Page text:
Last year I set a goal to start writing in my journal daily. Again. My interest in this goal was sparked (again) when I read the book Essentialism by Greg McKeown. He waxes poetic about the benefits of journal writing, and he offers a piece of advice to those wanting to start a practice of writing each day:
Only allow yourselves to write one sentence a day in your journal for the first week or so. Just one! Once the one-sentence-a-day goal becomes a habit, slowly increase your writing.
This helps prevent the burnout that inevitably happens when you ambitiously write three pages on the first day and then hopelessly quit on day two, realizing you’ll never be able to dedicate that much time to writing every day. And, I mean, if you can’t write three pages a day, there’s no point in writing anything at all, right?
As I’ve strived to write daily in my journal, I have come up with three reasons why it’s important to write regularly.
- You can tell your journal anything and she won’t judge you.
My journal has become my sounding board. My therapist. The bestie I can count on any time I need to bear my soul. My journal is an excellent listener and I never need to worry about filtering what I tell her. She knows exactly what’s in my heart—the good, the bad, and even the ugly.
For me, writing in my journal is less about recording the happenings of the day (I mean, in this day and age of iPhones, the pictures can tell those stories, right?) and more about getting out on paper the thoughts that are swirling around in my brain. I’ve often been shocked at what comes out on paper when I take the time to dump it all out without filtering or editing my thoughts.
“No wonder I’m feeling so terrible! Look at what I’m thinking about myself and others!”
“Of course I’m feeling overwhelmed and exhausted! Anyone would with thoughts like these!”
- Getting your thoughts out of your brain and onto paper can be all sorts of enlightening.
Just yesterday I was feeling less than stellar, so I pulled out my petite little journal (it fits right in my purse) and started writing whatever came to my mind—no filtering, no judging, just writing and writing and writing. Wouldn’t you know, I was ever so surprised to discover some feelings of jealousy and hurt. I didn’t even know they were there because I kept pushing them away almost instantly and automatically anytime I felt them come up.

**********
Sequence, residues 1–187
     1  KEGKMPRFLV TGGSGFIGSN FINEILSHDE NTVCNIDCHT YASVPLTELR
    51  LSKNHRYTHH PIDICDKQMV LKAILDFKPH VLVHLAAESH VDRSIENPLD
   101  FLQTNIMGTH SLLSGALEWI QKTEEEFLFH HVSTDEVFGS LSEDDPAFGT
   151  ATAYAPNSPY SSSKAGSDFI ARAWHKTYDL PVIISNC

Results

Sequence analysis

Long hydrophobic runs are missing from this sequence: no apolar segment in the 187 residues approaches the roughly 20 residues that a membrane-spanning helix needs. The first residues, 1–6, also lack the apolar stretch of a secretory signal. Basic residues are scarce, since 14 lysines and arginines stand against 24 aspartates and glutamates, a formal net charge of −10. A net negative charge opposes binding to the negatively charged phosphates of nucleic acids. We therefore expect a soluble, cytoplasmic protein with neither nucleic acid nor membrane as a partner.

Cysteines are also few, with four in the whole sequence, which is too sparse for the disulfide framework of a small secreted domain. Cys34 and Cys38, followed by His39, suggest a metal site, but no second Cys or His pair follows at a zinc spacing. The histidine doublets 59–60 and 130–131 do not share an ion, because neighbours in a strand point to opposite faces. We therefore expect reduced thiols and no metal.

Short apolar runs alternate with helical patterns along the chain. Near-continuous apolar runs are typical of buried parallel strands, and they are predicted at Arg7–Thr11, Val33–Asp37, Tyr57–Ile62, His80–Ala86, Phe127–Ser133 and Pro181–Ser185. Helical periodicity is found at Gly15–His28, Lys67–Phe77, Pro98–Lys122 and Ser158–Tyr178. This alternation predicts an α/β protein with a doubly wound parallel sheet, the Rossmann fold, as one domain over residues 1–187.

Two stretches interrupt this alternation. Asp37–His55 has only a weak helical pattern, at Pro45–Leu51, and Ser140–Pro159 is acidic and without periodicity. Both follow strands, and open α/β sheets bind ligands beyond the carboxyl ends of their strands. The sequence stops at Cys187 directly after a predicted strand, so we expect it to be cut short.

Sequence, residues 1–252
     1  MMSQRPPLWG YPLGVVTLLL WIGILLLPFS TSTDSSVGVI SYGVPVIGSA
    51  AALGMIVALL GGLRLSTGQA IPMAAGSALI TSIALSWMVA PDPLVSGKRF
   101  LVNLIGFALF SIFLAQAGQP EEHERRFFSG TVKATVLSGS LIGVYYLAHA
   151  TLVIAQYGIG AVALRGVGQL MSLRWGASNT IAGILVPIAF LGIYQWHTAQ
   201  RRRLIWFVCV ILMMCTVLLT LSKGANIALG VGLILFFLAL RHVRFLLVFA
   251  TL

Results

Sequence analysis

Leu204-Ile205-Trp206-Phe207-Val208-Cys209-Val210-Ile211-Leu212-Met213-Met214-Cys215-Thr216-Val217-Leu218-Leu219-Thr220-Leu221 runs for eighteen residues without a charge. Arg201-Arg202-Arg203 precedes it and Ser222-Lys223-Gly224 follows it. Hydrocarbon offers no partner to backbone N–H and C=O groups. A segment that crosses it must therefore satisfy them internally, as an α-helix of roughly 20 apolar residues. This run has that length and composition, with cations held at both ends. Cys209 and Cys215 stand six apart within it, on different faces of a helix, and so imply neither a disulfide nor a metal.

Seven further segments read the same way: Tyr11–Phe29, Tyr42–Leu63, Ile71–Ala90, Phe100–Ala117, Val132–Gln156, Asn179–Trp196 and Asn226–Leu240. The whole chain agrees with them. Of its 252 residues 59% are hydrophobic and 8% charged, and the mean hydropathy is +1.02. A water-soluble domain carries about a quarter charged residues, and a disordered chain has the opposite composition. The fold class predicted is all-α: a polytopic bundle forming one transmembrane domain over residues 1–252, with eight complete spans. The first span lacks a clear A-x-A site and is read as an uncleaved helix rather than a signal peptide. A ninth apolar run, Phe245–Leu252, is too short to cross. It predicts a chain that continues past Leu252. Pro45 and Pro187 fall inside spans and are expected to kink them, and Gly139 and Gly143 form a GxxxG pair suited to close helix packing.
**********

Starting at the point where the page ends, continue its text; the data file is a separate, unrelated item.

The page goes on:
Why was I doing that?
Because “good moms” aren’t supposed to feel resentment. “Caring sisters” aren’t supposed to feel jealous.
But guess what? Everyone feels resentment from time to time. And everyone feels jealousy. It doesn’t make us horrible, it makes us human.
- Once you see clearly what you are thinking, you can decide if your thoughts are helping or hurting you.
Mama, if they’re hurting you, you don’t have to think them anymore! Did you know that? You are allowed to believe whatever you want.
When I discovered I was feeling jealous, I dug deeper into what thoughts were causing it and I realized that they weren’t helping me be my best self. So I found some new empowering thoughts to replace them. I rewrote the story in my brain. That is a powerful exercise.
And the feelings of resentment? Well, I’m still working on those. But I’m getting closer each day to appreciating the fact that I have a broom to clean with and a floor that needs sweeping. Because it makes living in the crumb factory that is my kitchen floor a happier place to be. And it’s possible to love even the messy parts of motherhood.
Journaling is like many other things in life. It’s the small and simple efforts that, over time, make a big difference. Don’t fool yourself into thinking you have to write a novel or record every detail in order to get started. Just start with one sentence. That’s it. You’ll be amazed at the pages you can fill over time as you create a habit of writing regularly.
Bright Side Mamas has created a free printable that will help you get your thoughts out on paper and process your thoughts and feelings. Click here if you’d like to sign up!
QUESTION: Do you have a journal or place to record your thoughts? In what ways do you believe journaling helps you understand yourself more completely?
CHALLENGE: Write in your journal every day for the next week and only allow yourself one sentence. Leave yourself wanting to write more!
Edited by Kimberly Price and Nollie Haws.
Image provided by the author.